The climate gauge for the nation’s manufacturing industry is expected to turn “green” next year from “yellow-blue,” as vaccines could help the world emerge from the COVID-19 pandemic, the Taiwan Institute of Economic Research (TIER, 台灣經濟研究院) said on Wednesday.
Electronics suppliers would continue to benefit from low-contract business opportunities, as it would take a while for most people to be vaccinated, the institute said.
The Taipei-based institute seeks to project the health of the manufacturing sector using a five-color system with “green” indicating steady growth, “red” suggesting overheating and “blue” signaling a recession. Dual colors indicate a transition.
The pandemic has also been weighing on end-market demand for most electronics, with the exception of data centers, PCs and devices used in online services, it said.
Smartphone sales might gain better momentum next year with the launch of faster 5G services, the institute added.
The business climate for all other manufacturing sectors would remain yellow-blue, the institute said.
Renewed lockdowns in Europe would put pressure on the recovery of the automotive aftermarket business by slowing demand for auto parts, it said.
Demand for chemical and plastic products might pick up on the back of a global economic improvement, but increased supply from Chinese peers could create a supply glut, the institute said.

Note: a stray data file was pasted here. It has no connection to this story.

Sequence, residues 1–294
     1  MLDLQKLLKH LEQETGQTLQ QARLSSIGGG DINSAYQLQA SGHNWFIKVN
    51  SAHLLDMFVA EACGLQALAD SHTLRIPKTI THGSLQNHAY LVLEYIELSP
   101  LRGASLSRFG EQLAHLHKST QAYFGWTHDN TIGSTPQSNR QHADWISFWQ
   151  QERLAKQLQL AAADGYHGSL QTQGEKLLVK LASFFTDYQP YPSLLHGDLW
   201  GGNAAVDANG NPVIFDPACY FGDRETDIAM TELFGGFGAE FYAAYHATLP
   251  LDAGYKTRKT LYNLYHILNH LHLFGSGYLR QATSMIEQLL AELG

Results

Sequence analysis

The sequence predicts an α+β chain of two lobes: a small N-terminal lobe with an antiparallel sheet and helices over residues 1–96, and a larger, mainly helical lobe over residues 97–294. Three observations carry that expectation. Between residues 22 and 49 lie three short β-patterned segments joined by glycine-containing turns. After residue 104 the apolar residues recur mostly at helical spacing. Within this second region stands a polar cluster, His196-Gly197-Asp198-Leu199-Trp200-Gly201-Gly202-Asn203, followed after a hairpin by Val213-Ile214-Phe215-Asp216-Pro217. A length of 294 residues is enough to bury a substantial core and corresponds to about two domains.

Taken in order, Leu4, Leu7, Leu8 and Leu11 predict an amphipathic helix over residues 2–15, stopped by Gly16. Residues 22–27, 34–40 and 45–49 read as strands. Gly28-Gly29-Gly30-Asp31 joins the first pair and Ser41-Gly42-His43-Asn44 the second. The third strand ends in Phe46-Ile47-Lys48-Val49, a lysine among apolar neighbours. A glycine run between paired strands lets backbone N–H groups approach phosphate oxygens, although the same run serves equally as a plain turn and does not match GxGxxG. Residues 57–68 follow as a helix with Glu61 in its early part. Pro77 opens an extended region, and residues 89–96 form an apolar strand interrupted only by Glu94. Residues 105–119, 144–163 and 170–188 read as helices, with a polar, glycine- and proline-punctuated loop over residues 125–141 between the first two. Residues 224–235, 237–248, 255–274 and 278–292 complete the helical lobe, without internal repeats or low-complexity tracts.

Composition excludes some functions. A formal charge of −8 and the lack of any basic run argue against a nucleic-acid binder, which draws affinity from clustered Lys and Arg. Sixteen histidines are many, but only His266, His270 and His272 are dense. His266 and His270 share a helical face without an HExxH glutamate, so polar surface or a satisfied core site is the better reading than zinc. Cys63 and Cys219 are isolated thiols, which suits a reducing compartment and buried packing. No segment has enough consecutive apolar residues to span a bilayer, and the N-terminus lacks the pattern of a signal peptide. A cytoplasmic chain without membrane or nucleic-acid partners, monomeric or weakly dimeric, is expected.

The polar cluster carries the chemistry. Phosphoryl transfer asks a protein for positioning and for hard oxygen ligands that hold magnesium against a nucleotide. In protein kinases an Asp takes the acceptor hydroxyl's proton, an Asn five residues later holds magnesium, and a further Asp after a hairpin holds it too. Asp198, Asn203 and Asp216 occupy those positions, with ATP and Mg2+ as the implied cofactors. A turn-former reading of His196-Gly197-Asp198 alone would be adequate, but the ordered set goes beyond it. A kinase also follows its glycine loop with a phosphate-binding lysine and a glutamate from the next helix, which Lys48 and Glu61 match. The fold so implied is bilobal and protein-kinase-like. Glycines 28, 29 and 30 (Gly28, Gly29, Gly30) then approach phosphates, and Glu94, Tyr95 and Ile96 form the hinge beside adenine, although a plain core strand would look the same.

Furniture and textile product makers would gain support from property development and public infrastructure projects, but a strong New Taiwan dollar might erode profitability for petrochemical materials, it said.
Taiwan’s exclusion from the Regional Comprehensive Economic Partnership — signed by 15 Asia-Pacific nations on Nov. 15 — would add uncertainty to the nation’s business outlook, the institute said, adding that metal product makers would face similar challenges.
For the month of October, the manufacturing climate monitor flashed another yellow-blue signal with the index falling 0.85 points from September to 11.03, the institute said.
Fewer working days accounted for the month-on-month retreat, as well as the end of inventory stockpiling by China’s Huawei Technologies Co (華為), a major customer for scores of local technology firms, it said.
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